Education students support sensory friendly theatre
Slippery Rock University special education majors will help stage a sensory-friendly presentation of “The Giver” May 21 at Pittsburgh's New Hazlett Theater.
May 13, 2016
SLIPPERY ROCK, Pa. - For many families, going to the theatre is an enjoyable way to spend quality time together. However, for some children, especially those on the autism spectrum, the theatre's loud sounds and darkness can be a frightening experience.
To make it easier for patrons with cognitive and physical disabilities to enjoy the experience, 21 Slippery Rock University special education majors will join forces with Pittsburgh's New Hazlett Theatre to help stage a sensory-friendly production of "The Giver" May 21. Sensory theatre adapts performances to meet the special needs of audience members.
Students will provide flashlights, pillows, coloring books and earplugs to children. They will escort families in and out of the theatre and staff a "quiet room" for children who need a "time out" during the performance.
"This sensory play will give families and those with autism the ability to go out and enjoy a performance they normally would not be able to see," said Kelly Lane, a special education major from New Brighton who has a sister with autism. "Those with autism usually cannot sit through a performance without getting up to leave or being overwhelmed by sensory things like lights and sounds."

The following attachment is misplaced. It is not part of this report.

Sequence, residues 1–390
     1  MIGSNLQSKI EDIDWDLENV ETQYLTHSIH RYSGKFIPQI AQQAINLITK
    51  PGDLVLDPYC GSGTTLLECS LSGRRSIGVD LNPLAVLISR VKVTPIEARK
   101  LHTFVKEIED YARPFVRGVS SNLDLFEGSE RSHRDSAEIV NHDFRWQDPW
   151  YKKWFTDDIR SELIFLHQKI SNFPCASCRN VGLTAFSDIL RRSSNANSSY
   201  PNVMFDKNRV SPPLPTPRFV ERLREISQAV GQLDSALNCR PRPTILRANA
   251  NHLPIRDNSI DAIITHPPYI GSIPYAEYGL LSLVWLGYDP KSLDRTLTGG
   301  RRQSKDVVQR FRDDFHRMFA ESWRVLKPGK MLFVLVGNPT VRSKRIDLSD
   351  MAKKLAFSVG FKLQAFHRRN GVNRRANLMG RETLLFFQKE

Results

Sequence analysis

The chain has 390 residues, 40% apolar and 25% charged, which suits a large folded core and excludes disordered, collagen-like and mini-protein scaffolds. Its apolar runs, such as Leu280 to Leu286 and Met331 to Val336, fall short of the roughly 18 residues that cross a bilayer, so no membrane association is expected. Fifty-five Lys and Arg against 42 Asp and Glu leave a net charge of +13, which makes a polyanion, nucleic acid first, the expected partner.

"The Giver," presented by the Prime Stage Theatre, will be presented May 13-22. The play, an adaptation by Eric Coble of Lois Lowry's novel, focuses on 12-year-old Jonas as he discovers his gifts and purpose with the aid of 'The Giver.'
For the 1 p.m., May 21, presentation, SRU students will also provide weighted blankets, CD players with calming music, pretzel sticks and water bottles.
"This play will allow them to enjoy a production, be able to get up and leave to a quiet room or sensory room, which we are providing, or grab a snack to get their focus back again," Lane said. "A lot of those with autism do not ever get this opportunity, and I think it is a great experience for all involved."
Lane said she got involved because she hopes to grow as an educator and advocate for individuals with disabilities.
"I also wanted to learn more about sensory issues and what ways we have to help those with autism or those with hyper sensitivity," she said.
Vaughn Bicehouse, assistant professor of special education, is leading the project.
Bicehouse said students have gone above and beyond in their efforts to provide sensory activities that correspond with "The Giver." Students will have children touch sample snow and are creating storyboard picture books following events of the play.
The Hazlett Theater has asked SRU students to plan and implement the entire sensory component of "The Giver" next year.
"Our students have done an amazing job," Bicehouse said. "They're helping to train actors and learning about sensory-friendly theatre."
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